distinguish privacy from confidentiality. Privacy relates to the right an individual has to protect his or her private information and confidentiality is one mechanism that can be used to protect that information from unauthorized access (Gollman, 1999). Legislation is another mechanism. This research work focuses on confidentiality, more specifically, on access control. To access information within a system there are usually 3 steps required: identification – where a user says who he is (e.g. with a unique login or username); authentication where the user proves he is who he says he is (e.g. with a password or PIN number); and authorisation where access rights are given to the user. Authorisation can only occur after the first 2 steps are successful, and it checks if that user meets all the requirements to exercise those rights and access the resources he requested. Access control is part of the authorisation process that makes sure that a user may access the resources he

asked for. Access control is one of the 5 security services defined in (Iso, 1989) and constitutes the baseline for information security (Anderson, 2001). The complexity of information security systems make it very difficult to build a fully secure system (Schneier, 2004). This complexity is usually related to 3 competing factors: the technology itself; the difficulty of classifying information in terms of both organization and users’ security requirements; and facilitating the ease of understanding and use of that technology by humans, the end users of the system who are usually non-technologically experts and one of the most problematic factor to consider (Schneier, 2004) when it comes to access control. These competing factors coupled with the fact that attackers are always finding new ways to exploit potential vulnerabilities in existing technology make it very difficult to build information security systems. Examples of competing factors are: protecting the privacy of information, whilst needing to be able to access it for audit or law enforcement purposes; making it easy for an authorised user to gain access to information but complex for an unauthorised attacker. The means of providing access control have, therefore, become more challenging. Moreover with the rising of security incidents among organizations (Pricewaterhousecoopers, 2006) and the urge to provide for information confidentiality by controlling who or what is authorized to access it, the requirements have become more pressing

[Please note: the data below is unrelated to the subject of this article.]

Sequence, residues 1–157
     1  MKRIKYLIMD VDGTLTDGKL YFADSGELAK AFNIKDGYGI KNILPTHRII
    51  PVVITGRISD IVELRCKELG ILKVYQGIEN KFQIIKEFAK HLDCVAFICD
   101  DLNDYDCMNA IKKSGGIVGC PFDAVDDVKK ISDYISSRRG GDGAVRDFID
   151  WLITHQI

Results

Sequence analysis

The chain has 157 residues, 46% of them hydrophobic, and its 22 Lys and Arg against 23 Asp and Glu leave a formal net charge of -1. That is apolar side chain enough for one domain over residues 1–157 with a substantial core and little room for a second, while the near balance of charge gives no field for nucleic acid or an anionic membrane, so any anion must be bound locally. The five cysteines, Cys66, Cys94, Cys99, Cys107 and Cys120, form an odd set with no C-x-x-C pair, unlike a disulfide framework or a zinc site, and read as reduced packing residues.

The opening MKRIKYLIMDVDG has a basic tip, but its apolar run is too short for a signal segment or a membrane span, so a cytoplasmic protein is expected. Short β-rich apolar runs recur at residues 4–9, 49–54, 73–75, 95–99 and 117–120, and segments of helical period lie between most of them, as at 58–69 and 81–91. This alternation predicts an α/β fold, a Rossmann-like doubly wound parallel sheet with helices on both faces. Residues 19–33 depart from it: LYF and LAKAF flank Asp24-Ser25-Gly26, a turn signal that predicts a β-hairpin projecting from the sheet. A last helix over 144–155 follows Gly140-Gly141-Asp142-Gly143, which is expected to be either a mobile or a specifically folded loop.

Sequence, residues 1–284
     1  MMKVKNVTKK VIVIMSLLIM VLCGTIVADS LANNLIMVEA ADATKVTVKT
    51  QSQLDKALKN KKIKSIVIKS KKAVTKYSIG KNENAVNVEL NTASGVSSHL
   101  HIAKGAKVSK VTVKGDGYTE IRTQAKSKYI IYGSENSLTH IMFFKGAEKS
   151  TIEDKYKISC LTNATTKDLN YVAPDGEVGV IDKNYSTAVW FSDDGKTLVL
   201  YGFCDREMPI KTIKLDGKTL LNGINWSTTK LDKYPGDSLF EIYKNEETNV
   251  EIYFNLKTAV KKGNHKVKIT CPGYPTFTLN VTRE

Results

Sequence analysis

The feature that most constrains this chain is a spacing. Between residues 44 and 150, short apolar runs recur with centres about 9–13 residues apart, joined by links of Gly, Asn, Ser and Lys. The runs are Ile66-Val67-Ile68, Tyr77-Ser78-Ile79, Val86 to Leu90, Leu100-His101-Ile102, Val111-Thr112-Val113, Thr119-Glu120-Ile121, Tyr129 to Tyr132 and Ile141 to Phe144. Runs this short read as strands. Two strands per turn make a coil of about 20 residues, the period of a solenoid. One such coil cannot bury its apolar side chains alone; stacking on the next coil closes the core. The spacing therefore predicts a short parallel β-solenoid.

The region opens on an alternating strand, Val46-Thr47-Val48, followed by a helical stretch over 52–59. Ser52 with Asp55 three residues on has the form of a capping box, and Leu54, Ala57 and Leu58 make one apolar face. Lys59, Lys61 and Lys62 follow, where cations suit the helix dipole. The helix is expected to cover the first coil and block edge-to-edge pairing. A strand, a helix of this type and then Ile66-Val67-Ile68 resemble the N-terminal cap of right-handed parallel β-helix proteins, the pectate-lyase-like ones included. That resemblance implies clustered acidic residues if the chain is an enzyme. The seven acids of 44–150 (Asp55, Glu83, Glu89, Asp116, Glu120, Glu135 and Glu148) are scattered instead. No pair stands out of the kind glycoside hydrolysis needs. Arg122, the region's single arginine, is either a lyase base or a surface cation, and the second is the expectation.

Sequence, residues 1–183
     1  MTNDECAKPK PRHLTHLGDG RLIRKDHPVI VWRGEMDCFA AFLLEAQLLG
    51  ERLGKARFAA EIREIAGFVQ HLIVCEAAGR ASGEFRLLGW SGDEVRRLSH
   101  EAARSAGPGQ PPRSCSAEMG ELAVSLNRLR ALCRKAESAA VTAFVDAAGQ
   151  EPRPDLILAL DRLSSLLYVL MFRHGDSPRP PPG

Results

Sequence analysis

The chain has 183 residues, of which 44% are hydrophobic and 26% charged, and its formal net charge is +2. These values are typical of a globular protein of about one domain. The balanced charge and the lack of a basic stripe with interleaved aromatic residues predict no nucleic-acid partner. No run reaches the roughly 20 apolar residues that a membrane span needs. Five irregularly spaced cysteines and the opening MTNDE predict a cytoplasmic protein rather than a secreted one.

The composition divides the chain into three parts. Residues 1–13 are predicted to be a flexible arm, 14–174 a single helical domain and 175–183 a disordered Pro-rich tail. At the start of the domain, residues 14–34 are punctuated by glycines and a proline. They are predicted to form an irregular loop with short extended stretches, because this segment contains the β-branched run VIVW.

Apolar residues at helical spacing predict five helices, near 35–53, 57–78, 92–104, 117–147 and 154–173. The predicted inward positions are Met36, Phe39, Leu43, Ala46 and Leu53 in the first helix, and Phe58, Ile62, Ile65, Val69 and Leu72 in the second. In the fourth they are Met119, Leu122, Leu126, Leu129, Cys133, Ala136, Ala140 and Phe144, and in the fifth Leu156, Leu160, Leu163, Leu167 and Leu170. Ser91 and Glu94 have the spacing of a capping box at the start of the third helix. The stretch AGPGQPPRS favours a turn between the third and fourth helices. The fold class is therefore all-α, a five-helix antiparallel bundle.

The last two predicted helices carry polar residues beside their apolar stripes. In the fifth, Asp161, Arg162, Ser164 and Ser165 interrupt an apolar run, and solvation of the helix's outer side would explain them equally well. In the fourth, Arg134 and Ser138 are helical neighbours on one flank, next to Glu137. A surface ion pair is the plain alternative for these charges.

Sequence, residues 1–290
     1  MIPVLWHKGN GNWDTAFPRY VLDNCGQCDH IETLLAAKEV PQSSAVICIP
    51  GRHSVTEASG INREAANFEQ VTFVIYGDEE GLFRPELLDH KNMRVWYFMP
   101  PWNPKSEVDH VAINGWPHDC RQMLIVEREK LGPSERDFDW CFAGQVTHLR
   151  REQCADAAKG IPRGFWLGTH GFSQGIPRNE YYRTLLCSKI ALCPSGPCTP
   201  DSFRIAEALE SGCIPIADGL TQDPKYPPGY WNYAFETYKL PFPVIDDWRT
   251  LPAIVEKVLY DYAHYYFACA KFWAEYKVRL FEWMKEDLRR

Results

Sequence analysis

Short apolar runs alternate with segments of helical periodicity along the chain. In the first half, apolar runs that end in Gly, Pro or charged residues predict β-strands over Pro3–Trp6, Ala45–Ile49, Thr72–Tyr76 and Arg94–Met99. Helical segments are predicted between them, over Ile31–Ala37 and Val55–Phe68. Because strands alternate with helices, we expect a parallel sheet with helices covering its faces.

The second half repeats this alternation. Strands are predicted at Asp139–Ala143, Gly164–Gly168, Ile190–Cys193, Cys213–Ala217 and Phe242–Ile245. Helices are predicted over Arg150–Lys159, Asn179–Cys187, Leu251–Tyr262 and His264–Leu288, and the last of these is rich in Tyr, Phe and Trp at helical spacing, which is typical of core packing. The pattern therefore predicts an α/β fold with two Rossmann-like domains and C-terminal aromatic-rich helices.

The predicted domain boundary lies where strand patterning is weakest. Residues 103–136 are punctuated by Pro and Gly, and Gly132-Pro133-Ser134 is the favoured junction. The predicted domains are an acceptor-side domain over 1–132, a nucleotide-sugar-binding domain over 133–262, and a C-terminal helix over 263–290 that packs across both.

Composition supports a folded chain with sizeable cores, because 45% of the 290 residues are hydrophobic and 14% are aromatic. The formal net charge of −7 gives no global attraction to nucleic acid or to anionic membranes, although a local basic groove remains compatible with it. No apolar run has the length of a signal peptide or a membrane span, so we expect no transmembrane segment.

1.1

Healthcare Environment

A specific environment where access control is of vital importance is healthcare. Confidentiality is a main issue when it is related to patient clinical information that needs to be private. It is essential to protect that information from unauthorized access and, therefore, misuse. The introduction of the Electronic Medical Record (EMR) within healthcare organizations has the main goal of integrating heterogeneous information that is usually scattered over different locations (Waegemann, 2003, CruzCorreia et al., 2005). This is why the EMR is becoming an essential source of information and an important support tool for the healthcare professional. There is also an increasing need to access healthcare information at remote locations (Institute, 2005). This and the distributed nature of the information stress the need for access control requirements to be taken seriously (Bakker, 2004).